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Another sidelight to aerial navigation in WWII was the system used by the DamBusters to maintain altitude on their famous raid. They had 2 spotlights- fore and aft which combined into one spot on the water when flying over the dam reservoirs at the precise altitude needed for the mines(bombs) to deploy properly.You can sort of duplicate this feat in Flight Sim. Fly over a large body of water at night so there are no land lights showing. Turn on landing lights, then descend slowly until these lights show on the water. Now fly at a precise/constant speed and maintain altitude using ONLY the refection of these lights on the water."Bombs Away Skipper!"PS- in the raid, the pretty streams of white, red, orange and green arcing toward you were NOT fireworks !!!!Alex Reid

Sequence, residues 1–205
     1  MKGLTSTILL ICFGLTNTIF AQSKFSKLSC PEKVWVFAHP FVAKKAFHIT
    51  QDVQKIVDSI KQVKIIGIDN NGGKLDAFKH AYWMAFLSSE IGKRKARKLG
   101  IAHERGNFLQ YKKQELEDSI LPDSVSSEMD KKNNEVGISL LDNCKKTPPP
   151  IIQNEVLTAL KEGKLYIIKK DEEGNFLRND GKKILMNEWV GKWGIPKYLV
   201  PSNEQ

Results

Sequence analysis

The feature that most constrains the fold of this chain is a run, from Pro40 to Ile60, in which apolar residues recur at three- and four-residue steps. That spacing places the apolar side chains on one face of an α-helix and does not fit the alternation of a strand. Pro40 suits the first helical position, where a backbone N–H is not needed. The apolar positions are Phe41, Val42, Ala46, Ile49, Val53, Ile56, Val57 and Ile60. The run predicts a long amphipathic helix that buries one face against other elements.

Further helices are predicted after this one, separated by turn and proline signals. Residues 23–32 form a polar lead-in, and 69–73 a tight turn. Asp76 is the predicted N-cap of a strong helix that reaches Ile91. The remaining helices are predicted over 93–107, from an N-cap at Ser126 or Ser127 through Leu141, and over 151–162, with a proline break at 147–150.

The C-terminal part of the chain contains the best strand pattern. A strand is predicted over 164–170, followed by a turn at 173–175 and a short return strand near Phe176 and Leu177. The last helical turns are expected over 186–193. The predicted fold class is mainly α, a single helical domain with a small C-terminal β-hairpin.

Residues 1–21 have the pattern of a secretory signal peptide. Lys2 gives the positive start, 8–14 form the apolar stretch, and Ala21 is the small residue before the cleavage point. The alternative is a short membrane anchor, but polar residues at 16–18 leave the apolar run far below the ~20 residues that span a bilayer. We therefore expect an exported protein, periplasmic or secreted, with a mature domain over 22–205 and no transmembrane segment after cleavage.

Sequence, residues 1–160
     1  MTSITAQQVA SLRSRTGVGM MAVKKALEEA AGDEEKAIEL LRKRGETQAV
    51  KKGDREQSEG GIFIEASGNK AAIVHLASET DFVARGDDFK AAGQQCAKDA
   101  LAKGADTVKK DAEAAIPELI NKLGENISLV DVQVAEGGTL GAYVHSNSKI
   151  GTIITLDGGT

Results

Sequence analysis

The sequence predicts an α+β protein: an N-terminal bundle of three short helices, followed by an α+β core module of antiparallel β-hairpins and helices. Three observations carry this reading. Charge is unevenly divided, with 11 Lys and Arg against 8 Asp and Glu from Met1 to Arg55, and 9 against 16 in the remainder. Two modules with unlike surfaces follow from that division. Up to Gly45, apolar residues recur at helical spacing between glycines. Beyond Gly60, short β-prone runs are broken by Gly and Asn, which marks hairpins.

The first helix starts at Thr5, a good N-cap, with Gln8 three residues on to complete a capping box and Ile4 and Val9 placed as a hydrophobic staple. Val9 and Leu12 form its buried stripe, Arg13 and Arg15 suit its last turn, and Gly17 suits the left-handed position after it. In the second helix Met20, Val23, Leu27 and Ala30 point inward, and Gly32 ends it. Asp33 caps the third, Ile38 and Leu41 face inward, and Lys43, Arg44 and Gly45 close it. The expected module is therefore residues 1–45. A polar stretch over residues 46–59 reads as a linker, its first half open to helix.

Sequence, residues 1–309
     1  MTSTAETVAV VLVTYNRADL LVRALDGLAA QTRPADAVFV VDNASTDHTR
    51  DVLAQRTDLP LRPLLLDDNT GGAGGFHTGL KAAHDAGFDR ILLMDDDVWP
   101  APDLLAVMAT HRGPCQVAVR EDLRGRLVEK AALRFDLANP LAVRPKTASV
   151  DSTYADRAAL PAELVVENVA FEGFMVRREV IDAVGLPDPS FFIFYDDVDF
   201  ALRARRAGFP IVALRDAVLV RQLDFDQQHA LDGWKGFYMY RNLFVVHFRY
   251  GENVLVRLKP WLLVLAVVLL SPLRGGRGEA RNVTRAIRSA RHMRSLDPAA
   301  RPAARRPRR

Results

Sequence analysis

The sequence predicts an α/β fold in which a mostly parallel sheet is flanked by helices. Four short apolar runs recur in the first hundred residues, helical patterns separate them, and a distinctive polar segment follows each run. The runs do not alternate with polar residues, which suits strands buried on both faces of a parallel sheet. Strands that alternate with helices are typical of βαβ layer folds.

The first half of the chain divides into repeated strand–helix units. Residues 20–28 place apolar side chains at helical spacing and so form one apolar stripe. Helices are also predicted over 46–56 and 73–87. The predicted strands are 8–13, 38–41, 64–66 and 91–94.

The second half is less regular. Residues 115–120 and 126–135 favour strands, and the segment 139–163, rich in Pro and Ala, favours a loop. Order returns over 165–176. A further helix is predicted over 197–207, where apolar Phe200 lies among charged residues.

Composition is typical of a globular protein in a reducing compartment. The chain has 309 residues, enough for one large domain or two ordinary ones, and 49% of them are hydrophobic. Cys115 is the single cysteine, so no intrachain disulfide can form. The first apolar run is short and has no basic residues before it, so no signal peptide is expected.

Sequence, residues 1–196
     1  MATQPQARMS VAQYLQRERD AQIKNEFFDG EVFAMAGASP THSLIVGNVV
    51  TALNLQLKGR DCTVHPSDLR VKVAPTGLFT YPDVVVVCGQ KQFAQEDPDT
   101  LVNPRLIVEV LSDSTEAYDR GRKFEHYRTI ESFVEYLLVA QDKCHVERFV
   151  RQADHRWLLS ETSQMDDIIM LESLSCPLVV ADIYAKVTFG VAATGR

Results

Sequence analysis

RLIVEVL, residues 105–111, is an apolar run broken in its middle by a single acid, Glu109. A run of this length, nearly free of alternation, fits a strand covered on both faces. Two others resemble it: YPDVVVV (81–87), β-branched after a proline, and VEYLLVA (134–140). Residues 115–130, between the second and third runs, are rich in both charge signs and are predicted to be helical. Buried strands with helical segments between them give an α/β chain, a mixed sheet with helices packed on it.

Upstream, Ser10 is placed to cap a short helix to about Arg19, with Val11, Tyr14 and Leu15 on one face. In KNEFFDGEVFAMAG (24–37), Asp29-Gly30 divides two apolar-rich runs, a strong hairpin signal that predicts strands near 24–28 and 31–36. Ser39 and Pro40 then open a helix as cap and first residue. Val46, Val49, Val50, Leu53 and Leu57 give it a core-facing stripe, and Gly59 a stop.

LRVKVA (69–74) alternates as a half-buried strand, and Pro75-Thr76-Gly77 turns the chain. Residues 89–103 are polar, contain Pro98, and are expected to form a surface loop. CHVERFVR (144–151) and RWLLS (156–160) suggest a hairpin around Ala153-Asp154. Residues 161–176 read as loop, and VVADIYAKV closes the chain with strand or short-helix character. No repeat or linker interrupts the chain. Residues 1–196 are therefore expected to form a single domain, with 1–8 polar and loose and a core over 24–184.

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They did use de'd reckoning (deduced reckoning) in conjuction with celestial navigation and during daylight with star shots on the sun using sextants. They also used wind drift meters, and other gadgets like dropping a smoking canister in the water and tracking how far off bearing the aircraft would drift over a given distance. They also used the white caps on the ocean to see which way the wind was blowing and how hard (mostly only good for lower altitude I assume). Dive bomber pilots on U.S. carriers even carried sextants. Amelia Earhart had reported over the radio to the navy ship in the area of Howland Island that they had taken a line of position on the sun. Most searches today looking for her aircraft look along that line of position.Today we use celestial navigation just as they and seafarers did hundreds of years ago except we call it GPS and the stars are ones we put up there. Exact same concept though. Miller